Dubbing Out

Haired lime putty render thrown into deep holes in wall
One of the jobs associated with re-rendering the house has been to make good the walls before the main render coat is applied. This involves getting hold of some lime putty render (same as the top coat) and throwing it into the main holes that were left by the removal of the old cement render.

The walls were quite a mess after the initial removal. The cement render is far too hard for the walls and so it takes off lots of the underlying mortar and also breaks bricks etc when it is removed. The removal process also involved fairly heavy equipment in the form of breakers and if they are not used carefully then they too can remove parts of the wall. If using breakers then it is advisable to use lower powered ones rather than being all macho about it. So medium breaker, with a wide chisel end, used in as parallel an angle as possible is the way forward.

Anyway the upshot of the job is that rather than expecting some areas of render to be 10cm deep and others 2cm it is best to 'dub out' the holes to make the surface more even.

The process I have used is to throw the mix into the holes as this gets more air into the mix and hence it cures quicker. I have also had to replace some half bricks. Any exposed wood has been treated using Osmo 4005 and the windows have been insulated into any void reveals. Next will be to sort the various joints in the wall so that any variety in movement of the walls does not crack the new render.

Friday, 12 September 2014

A trip around the block in Canton Cardiff

Part of my walk around the block
We are based in a residential part of Cardiff. Lots of solid walled properties and also some newer infill houses with cavities. Despite the ravages of time that have been served out by well meaning but not necessary best informed builders and DIYers, it still has great character - lots of different colours, features etc all based on a common theme.

All looks rosy then and in fact it is an area in demand as far as estate agents are concerned. Can you feel a but.... coming on??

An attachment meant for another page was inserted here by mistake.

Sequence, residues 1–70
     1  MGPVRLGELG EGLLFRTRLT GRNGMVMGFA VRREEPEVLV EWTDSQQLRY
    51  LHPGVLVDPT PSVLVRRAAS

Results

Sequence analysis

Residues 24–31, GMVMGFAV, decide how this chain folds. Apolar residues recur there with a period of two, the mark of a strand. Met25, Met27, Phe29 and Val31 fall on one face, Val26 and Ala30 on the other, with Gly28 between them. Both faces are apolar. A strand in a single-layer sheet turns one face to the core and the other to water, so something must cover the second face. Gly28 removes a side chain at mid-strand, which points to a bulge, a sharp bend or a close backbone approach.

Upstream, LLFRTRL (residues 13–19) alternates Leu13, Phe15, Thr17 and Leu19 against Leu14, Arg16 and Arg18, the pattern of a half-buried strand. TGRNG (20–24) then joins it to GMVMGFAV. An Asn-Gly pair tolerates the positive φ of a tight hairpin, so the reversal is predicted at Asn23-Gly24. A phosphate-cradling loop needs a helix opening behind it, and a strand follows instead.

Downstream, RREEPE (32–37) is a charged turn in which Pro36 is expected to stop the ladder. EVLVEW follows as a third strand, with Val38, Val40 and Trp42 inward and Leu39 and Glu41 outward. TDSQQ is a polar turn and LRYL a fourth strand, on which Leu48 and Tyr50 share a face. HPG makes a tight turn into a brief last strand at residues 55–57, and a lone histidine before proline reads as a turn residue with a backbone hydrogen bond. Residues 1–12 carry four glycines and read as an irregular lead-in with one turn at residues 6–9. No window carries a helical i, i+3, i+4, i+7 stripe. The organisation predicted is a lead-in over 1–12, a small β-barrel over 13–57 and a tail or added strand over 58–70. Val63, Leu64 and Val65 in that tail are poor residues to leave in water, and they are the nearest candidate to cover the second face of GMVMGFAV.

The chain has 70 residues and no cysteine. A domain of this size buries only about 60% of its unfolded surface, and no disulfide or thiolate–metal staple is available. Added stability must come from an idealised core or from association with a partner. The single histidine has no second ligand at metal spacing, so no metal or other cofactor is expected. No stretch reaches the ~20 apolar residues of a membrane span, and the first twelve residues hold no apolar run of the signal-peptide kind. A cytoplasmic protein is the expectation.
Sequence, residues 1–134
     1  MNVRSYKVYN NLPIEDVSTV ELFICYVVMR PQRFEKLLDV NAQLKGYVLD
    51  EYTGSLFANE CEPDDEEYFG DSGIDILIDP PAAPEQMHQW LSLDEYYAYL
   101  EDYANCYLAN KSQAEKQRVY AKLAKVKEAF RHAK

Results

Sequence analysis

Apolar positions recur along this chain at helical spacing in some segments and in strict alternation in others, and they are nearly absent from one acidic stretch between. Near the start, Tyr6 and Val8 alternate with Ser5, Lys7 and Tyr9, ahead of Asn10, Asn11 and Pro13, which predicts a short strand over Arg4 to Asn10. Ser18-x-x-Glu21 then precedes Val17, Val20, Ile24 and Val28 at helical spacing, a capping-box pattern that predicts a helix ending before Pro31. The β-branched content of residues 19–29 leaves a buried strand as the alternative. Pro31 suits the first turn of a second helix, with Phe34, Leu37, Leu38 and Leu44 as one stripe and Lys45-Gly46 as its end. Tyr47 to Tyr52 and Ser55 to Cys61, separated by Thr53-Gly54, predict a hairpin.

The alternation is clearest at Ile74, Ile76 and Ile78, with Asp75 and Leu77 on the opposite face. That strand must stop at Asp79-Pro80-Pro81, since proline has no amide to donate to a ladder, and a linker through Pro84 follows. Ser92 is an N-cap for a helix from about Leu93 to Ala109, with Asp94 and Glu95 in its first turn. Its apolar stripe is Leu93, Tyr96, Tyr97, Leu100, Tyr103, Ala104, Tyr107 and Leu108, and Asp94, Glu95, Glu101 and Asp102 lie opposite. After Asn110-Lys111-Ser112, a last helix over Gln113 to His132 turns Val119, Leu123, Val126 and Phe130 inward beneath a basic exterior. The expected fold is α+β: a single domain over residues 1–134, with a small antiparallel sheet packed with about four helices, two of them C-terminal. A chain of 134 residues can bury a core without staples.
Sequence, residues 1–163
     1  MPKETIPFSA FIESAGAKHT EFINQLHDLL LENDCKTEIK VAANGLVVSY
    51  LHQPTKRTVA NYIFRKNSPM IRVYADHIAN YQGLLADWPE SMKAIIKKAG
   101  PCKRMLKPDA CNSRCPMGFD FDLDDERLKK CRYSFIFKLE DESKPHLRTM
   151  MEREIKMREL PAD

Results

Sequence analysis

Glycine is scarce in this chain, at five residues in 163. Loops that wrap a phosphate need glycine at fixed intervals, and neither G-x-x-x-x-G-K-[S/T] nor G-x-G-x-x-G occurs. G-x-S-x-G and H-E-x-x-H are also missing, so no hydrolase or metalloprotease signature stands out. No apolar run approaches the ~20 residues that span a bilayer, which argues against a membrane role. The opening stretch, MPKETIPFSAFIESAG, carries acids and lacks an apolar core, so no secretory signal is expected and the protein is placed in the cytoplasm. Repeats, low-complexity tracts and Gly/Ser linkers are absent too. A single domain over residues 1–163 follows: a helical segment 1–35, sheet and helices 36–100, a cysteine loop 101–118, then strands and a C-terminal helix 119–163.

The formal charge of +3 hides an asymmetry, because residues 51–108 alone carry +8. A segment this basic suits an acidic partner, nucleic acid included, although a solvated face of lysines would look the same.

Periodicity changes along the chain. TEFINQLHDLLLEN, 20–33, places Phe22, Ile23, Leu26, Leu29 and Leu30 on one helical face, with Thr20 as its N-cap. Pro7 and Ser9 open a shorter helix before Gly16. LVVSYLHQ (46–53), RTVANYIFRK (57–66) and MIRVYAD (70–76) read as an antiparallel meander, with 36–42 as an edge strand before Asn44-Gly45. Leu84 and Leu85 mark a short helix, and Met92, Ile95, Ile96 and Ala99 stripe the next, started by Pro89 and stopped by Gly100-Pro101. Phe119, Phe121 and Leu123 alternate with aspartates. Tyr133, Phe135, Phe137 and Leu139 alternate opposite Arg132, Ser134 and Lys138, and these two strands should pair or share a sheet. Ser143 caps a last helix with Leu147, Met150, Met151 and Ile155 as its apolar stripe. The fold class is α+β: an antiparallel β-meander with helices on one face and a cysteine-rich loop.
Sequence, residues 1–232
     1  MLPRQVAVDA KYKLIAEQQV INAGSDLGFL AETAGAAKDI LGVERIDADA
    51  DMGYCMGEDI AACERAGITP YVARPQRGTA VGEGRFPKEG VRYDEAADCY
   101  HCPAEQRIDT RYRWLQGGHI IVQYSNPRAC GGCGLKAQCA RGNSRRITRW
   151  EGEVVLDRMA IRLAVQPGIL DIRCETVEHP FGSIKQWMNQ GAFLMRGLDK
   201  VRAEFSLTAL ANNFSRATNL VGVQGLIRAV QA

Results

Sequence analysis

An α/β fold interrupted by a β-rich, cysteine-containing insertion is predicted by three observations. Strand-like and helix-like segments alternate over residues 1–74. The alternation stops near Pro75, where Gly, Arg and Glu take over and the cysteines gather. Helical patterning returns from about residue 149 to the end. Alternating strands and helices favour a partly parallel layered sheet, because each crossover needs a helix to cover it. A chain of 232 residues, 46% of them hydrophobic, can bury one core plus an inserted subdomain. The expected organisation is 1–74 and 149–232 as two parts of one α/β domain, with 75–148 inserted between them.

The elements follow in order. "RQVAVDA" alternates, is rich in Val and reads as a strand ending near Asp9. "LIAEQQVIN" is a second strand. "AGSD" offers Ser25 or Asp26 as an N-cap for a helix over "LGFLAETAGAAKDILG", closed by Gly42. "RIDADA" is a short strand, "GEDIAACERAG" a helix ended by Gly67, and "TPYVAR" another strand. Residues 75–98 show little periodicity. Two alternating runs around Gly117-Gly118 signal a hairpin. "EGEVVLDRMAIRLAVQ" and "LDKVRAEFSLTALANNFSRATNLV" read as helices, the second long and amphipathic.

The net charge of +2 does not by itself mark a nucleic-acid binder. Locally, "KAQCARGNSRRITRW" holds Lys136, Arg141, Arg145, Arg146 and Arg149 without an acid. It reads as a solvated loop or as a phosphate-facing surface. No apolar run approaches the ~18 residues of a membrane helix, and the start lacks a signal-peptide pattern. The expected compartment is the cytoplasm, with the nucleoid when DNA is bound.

Letting my casual eye wander across the urban landscape I did spot lots of very common issues affecting the houses, so here goes:

No end of cement render (should be lime based and ideally the mix I advocate)
Cracked render everywhere (letting rain into the structure)
Re-pointing with cement (rather than lime)
Damp proof course injected into bricks (should be into the mortar - if used at all)
Damp proof course holes not filled (thus letting water into the structure above the DPC)
Ground levels clearly above the internal floor level (there should be a 15cm difference between inside and out)
Blocked vents for the floor (suspended floors require good draughts under them)
Paint peeling off of dress stonework (should be left bare, or painted with a breathable paint eg. silicate)
Guttering broken, warped, joints snapped, loose downpipes, .....
Window seals broken (they need to be checked and repaired regularly)
Phone and internet lines roughly drilled through walls leaving holes around them (should be sealed up properly)
PV panels covered in pigeon poo (aerials need to be moved to remove the temptation!)
Letter boxes broken (should be repaired to ensure better airtightness)

And that was a quick 15 minute stroll along three streets!!

Correct maintenance is really important with buildings otherwise we shall see these houses slowly degrade. In the heart of the city we need a well informed population, but who apart from us is trying in Cardiff??

Invisible touching up


I was a little perplexed about which picture to choose for this post and I eventually realised that the only one really is the one pictured.

Basically I had to paint over a mark on my bedroom wall. Now with many paints this touch up would have been visible, but thanks to the anti-static nature of the claypaint it is virtually invisible. Why anti-static you ask, well...

Most conventional paints have oils in them and this has a slight charge associated with it. This static charge attracts dust to it, so over time the walls become dirty. However you would not notice this until you get around to having to touch it up. You are then left with the choice of having a visible repair, washing down the whole wall or not bothering in the first place.

Claypaint, doesn't have any oils in it and so does not actively attract dust to it, so when you have to do a bit of a repair, you can just get the left over paint out (or in my case a small tester pot) and paint it over. Job done.